Surviving the Chopping Block

One of my worst nightmares would be to appear on the Food Network program Chopped.  On Chopped, chefs are given a basket of mystery ingredients and a time limit to produce dishes judged on their creativity, presentation and taste. Managers in the workplace often face a similar challenge. Under tight deadlines they must deploy available resources to whip up project teams that deliver results. Managers and their teams are judged on their creativity, presentation and performance.

Often, managers start with a mixed or difficult basket of ingredients – some “prime rib” superstar employees and others that require a skilled hand. How managers respond determines whether they will create a winning recipe.  Here are some common pitfalls from the management “kitchen”:

You forgot to plate one of the ingredients.

This happens on Chopped, when people get slammed for time. The tuna Carpaccio was delicious but you forgot to plate the garbanzo beans! As a manager, it is easy to call on your “go-to guy” when something needs to be delivered fast. Meanwhile other team members sit on the sidelines and don’t get the chance to develop their ability to play a leading role on future projects.

Your ingredient pairing was wrong.

Understanding the mix of competencies required for a project team is critical to its success. Loading up an IT project team with just technical gurus may lead to a bug-free implementation but completely miss the mark on user requirements or process alignment. Who wants a stew containing only onions?

You turned a garnish into the main ingredient.

Would you ever prepare Radish Alfredo? Of course not!  Radish is a garnish.  There is a difference between providing an employee with an opportunity to develop and setting them up to fail in a role that they are not equipped to handle. Throwing a junior resource into a project leader role is likely a recipe for disaster.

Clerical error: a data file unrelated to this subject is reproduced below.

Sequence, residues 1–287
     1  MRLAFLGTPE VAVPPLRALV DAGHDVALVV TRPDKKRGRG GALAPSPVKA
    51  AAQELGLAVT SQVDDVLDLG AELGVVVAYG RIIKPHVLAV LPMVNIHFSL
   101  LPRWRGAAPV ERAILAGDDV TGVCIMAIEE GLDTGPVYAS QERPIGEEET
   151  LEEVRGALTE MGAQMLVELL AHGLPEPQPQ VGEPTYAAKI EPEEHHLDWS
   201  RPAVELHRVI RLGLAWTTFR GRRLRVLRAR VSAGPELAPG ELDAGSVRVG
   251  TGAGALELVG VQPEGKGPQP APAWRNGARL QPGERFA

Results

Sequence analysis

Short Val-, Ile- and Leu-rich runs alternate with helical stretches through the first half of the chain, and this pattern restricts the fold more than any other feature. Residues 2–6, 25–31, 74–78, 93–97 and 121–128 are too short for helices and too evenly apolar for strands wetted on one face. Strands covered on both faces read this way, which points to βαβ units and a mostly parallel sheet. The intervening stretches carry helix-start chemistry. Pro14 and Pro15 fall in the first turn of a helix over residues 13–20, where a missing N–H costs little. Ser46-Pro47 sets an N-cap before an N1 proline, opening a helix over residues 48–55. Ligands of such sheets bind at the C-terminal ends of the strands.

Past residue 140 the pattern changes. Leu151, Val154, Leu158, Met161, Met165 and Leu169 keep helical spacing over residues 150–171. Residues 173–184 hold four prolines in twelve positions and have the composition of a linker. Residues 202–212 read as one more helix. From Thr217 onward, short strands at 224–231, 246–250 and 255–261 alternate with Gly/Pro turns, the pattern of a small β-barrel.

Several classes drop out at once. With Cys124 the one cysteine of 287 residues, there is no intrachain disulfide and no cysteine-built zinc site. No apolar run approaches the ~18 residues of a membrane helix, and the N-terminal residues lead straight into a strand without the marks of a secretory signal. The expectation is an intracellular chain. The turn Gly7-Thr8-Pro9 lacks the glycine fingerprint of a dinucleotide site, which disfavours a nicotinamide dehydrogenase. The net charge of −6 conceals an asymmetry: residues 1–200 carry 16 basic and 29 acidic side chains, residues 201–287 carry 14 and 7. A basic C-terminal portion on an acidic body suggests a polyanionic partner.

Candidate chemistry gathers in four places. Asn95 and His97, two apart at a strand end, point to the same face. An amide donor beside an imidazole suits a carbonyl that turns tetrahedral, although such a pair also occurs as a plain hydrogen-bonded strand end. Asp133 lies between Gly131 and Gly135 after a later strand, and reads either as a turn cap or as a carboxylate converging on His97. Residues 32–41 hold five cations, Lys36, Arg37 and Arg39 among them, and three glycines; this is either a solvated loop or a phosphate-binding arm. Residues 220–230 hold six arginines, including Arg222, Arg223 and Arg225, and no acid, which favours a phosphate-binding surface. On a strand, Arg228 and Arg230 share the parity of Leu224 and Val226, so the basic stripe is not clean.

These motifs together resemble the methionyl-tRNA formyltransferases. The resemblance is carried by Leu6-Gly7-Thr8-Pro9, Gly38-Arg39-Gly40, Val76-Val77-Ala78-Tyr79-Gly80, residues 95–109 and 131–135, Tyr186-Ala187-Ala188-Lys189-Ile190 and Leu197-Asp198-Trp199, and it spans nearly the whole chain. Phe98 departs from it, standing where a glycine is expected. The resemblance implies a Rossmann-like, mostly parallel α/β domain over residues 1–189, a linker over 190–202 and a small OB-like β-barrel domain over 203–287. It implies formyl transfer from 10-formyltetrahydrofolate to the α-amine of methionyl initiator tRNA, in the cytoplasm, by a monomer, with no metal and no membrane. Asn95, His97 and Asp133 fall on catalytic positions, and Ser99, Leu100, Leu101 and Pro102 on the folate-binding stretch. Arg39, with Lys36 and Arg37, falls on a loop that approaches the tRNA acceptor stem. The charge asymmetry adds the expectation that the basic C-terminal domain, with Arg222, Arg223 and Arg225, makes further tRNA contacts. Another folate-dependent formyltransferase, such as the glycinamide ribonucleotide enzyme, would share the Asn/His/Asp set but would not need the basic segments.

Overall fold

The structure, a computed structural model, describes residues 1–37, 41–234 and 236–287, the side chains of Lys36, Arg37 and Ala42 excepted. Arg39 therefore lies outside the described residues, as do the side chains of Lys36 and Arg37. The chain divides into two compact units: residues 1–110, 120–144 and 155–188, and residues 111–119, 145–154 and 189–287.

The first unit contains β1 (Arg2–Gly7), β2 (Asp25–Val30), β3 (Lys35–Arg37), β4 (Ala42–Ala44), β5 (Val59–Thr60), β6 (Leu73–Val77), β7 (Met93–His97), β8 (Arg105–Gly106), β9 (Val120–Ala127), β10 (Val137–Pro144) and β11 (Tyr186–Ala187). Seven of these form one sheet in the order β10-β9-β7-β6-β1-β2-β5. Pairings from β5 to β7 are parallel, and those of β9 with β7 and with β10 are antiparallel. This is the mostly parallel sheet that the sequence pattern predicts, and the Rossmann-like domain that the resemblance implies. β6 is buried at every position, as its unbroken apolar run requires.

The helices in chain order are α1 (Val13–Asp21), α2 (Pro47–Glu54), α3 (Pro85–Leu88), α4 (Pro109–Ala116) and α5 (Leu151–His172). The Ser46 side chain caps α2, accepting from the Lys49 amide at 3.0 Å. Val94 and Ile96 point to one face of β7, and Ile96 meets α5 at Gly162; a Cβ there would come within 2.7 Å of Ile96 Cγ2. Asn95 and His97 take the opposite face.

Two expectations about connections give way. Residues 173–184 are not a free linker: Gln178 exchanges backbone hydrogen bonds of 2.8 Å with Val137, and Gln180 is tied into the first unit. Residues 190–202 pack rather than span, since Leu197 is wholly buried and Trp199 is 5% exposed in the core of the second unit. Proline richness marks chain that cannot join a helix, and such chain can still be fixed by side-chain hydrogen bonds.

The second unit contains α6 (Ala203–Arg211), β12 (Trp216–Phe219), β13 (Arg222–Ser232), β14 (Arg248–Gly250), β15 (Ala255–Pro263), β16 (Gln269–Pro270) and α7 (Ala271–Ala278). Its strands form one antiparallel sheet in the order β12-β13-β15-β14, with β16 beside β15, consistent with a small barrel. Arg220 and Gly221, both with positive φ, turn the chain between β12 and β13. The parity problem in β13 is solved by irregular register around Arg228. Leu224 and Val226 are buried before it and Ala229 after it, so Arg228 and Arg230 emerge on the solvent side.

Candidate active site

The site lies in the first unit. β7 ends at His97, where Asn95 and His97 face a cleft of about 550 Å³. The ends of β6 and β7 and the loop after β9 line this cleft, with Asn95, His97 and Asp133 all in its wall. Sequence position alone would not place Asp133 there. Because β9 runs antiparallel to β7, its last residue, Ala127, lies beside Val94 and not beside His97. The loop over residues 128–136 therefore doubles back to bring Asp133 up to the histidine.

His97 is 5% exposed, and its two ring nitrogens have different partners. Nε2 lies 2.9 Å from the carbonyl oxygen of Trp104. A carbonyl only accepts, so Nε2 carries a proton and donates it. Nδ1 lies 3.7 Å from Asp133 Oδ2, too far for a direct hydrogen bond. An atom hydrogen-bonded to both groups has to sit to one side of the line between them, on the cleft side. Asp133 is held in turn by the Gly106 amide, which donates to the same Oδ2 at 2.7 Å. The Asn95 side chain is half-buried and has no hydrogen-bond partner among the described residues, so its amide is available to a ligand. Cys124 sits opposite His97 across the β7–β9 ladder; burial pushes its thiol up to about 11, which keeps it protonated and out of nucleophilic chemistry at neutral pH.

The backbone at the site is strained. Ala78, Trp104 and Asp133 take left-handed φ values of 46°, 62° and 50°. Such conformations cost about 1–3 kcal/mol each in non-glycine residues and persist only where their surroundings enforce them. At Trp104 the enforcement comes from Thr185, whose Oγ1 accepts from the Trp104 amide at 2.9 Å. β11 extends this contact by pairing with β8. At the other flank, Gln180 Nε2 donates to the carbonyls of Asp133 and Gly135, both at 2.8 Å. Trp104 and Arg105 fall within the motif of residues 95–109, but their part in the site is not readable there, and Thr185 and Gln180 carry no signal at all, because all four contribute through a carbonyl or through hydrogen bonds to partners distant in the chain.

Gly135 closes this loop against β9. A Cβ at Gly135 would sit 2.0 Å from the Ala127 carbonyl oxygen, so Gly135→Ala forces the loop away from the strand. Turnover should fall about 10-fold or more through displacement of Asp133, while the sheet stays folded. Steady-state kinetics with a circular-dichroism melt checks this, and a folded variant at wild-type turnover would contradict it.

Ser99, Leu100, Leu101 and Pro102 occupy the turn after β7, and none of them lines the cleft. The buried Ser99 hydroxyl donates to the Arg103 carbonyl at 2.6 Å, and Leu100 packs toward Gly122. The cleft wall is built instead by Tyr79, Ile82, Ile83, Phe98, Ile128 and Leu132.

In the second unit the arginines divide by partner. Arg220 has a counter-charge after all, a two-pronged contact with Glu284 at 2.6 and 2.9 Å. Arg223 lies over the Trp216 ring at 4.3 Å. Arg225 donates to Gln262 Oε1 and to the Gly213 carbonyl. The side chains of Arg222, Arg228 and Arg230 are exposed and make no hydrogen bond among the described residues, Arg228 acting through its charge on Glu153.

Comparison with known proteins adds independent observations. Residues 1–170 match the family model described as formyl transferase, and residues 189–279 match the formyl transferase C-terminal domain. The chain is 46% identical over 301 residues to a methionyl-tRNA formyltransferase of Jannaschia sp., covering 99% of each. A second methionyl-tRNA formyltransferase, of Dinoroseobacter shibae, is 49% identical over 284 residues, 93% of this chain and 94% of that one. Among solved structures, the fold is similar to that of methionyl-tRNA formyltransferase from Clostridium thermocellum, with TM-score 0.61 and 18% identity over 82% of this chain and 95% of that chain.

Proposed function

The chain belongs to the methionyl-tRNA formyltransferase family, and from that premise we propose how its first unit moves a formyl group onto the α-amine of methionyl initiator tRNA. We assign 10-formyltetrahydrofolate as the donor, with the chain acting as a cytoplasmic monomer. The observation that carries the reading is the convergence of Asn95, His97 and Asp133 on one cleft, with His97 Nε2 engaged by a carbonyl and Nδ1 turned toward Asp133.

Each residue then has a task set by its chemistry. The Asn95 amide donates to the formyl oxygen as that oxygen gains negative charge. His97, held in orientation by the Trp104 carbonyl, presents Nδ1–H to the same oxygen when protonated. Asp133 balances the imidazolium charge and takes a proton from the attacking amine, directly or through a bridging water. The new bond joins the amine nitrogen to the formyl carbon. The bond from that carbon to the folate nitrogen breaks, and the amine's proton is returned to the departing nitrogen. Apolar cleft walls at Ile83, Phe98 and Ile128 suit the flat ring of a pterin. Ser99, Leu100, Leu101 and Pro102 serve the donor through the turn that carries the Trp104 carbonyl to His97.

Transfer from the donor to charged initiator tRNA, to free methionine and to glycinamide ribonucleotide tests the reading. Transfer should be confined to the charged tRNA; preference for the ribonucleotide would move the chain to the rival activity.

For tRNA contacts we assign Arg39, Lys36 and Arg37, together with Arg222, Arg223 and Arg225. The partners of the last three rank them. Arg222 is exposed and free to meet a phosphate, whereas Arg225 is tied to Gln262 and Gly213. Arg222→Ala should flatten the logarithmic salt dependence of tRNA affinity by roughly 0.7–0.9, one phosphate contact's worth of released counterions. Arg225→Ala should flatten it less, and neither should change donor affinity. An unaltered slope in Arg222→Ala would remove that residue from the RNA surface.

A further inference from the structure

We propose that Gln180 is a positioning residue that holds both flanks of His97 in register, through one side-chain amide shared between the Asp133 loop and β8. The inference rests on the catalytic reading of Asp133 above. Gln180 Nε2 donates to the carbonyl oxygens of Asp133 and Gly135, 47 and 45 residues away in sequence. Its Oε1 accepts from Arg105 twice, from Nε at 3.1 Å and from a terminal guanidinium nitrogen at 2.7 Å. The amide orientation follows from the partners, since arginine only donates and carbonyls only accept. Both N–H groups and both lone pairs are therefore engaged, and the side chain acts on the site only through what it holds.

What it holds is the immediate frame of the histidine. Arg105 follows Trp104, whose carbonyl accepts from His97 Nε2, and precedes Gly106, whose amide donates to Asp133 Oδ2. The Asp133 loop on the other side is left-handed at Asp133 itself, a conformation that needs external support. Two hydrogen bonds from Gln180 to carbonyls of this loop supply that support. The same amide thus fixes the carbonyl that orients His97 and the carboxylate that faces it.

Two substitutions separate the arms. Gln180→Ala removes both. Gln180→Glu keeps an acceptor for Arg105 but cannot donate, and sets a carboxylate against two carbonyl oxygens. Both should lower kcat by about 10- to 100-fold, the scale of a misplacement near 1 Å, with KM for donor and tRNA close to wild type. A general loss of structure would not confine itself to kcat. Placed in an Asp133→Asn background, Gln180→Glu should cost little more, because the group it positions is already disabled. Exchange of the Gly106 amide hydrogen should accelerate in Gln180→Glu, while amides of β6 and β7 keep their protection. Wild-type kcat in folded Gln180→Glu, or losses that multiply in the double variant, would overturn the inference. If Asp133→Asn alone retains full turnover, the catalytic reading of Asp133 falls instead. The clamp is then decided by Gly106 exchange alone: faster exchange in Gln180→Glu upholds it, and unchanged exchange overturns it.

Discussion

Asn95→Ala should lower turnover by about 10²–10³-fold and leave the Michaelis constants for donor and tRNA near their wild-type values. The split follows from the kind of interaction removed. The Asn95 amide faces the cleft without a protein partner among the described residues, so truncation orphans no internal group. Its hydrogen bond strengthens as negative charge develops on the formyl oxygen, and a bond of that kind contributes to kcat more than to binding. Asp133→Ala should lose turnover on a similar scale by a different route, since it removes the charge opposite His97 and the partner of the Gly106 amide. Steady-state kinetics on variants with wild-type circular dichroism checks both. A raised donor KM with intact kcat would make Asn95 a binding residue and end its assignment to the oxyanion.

You turned the main ingredient into a garnish.

When I order a T-bone steak I want to be able to find it among the beans and mashed potatoes! A good manager understands that if somebody has been identified as a High-Potential or Top Talent employee, their abilities should be put to use. Don’t bury valuable talent. Find roles where their strengths can impact the organization.

You didn’t bring out the flavour of your ingredients.

Just as a chef draws out flavours, managers must get the most from their employees. Does your organization emphasize staff development as a critical part of your role? Take the time to understand the strengths of each individual on your team and, where  development is needed, put in place plans to close the gaps.

You didn’t have a plan.

Managing employees isn’t like making chilli.  You can’t just toss them all into a pot, turn up the heat, and hope for the best. You need to have an effective resource plan. Sadly, organizations are littered with managers who are not able to engage and develop employees, and more than a few throw their own failures at the feet of their staff.

Sometimes the pressure cooker of workplace life really does mimic TV.  Understanding the abilities of employees and deploying them effectively should be one of the top priorities for people managers.  Those that forget this will fail to get results.  Then it won’t be long before they find themselves on the ”Chopping Block”!